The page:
By Miriam Raftery
June 27, 2018 (San Diego) – San Diego’s County Board of Supervisors has unanimously approved a budget of over $6 billion budget for the new fiscal year starting July 1st, an increase of 8.4 percent over last year.
Priorities for the increased funding including helping the homeless and those with substance abuse or mental health issues. In addition, funds have been allocated to address the affordable housing crisis, help those leaving the criminal justice system to reduce recidivism, enhancing quality of life in neighborhoods and protecting natural resources.
The budget creates 120 new jobs and allots over $175 million to meet needs of vulnerable residents including those at risk of becoming homeless as well as homeless already on the streets.
Funds for drug and alcohol treatment program will triple, and $650 million will go toward behavioral health services. Another million dollars will be spent on domestic violence response teams and mobile trauma services, as well as continuing funding for Project One for All, a program that has housed and treated over 600 homeless people with severe mental illness.
The budget will fund 50 Psychiatric Emergency Response Teams and the County’s Whole Person Wellness program which aims to help 1,000 homeless Medi-Cal patients who cycle in and out of emergency rooms.
The County will continue providing public health, behavioral health and self-sufficiency services at the City of San Diego’s three tent shelters. The budget also calls for 12 additional public health nurses to address public health priorities.
Every year, 80,000 adults are booked into the County jails, and on any given day about a third of the population in custody receives mental health care. The budget will add mental health clinicians and discharge planners to the jails so those leaving the system have a better chance to succeed in the community.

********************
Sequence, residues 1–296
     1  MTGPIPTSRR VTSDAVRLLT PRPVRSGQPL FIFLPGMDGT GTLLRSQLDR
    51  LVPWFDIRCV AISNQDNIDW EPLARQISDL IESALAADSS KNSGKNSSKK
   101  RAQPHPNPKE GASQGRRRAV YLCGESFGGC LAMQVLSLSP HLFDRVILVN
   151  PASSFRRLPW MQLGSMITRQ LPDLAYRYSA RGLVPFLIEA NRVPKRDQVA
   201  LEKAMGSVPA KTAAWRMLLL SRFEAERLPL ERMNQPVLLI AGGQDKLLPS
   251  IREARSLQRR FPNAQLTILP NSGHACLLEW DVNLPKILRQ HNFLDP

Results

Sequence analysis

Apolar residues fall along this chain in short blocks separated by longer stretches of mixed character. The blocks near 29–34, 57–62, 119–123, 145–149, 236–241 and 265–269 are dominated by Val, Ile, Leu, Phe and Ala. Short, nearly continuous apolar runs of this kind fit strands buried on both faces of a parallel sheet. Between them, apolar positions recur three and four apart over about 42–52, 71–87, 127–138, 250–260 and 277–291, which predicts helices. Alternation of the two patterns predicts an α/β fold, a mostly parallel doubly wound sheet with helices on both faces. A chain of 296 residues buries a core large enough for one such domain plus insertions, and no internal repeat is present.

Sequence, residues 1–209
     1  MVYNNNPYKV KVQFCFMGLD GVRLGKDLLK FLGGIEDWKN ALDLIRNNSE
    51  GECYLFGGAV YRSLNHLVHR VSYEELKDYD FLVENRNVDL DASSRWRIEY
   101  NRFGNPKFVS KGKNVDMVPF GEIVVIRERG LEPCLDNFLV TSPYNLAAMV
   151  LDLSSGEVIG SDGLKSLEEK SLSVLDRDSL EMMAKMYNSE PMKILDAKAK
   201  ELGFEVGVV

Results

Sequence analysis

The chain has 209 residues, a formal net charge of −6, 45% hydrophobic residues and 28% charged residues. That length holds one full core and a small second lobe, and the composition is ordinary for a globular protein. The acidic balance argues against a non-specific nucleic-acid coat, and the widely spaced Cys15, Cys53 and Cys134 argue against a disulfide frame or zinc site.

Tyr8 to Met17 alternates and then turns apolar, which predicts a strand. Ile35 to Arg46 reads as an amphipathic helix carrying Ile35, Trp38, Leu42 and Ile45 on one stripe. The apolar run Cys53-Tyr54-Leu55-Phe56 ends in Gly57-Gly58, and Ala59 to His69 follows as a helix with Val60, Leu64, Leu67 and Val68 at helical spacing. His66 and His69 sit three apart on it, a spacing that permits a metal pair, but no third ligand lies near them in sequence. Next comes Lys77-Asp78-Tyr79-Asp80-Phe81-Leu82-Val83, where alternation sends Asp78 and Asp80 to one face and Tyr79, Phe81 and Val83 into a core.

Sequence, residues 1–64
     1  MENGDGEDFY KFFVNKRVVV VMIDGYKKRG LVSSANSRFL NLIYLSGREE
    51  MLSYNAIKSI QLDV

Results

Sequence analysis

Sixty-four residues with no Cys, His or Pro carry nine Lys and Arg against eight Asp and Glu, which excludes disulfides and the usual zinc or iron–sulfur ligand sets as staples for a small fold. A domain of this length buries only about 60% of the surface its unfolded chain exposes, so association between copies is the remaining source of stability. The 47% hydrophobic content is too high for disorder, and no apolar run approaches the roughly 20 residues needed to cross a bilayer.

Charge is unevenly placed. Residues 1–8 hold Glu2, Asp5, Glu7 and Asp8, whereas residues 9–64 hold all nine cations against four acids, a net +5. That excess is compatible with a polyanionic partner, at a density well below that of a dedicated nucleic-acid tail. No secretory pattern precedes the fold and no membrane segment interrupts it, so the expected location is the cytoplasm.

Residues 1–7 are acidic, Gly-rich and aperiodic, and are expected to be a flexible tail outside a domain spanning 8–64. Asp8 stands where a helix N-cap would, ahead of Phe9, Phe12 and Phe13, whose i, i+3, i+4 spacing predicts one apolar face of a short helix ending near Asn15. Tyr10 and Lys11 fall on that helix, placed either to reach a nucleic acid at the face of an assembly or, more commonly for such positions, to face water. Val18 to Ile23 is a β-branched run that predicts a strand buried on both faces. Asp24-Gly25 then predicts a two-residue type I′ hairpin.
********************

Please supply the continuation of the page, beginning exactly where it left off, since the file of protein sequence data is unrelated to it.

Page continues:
Probation will see nearly $3 million for additional re-entry services. The department will issue transit passes to probationers so they can get to work or locations with needed services. Eight new staff positions will also help the over-burdened Public Defender’s Office.
The budget also provides an additional $7.6 million for an array of services for youths including mentoring, family therapy and help finding work. More kids in the juvenile justice system will get a chance to join the Alternatives to Detention program.
To address the affordable housing crisis, the County will use the $25 million Innovative Housing Trust Fund approved last year as well as surplus County property to develop homes for seniors, veterans and other vulnerable people. This is expected to create 400 to 600 new affordable housing units for low-income residents or people with special needs.
The plan sets aside funds to begin updating 15 community plans in the unincorporated area to expand housing options for residents of all income levels. Proposed waivers to some general plan requirements have drawn opposition, though, over impacts of large-scale housing developments proposed in some unincorporated areas due to concerns over impacts on traffic, schools and natural resources.
The County will also cut costs and permit processing times to boost housing stock for middle-income households.
In the unincorporated area, residents will see new libraries, additional sidewalks and repairs to 180 miles of roads. New or improved fire stations will guard against the ongoing threat of wildfires in the backcountry, and more parks and trails will give all residents more opportunities to enjoy the outdoors. Another 500 acres of open space will help preserve the region’s natural beauty.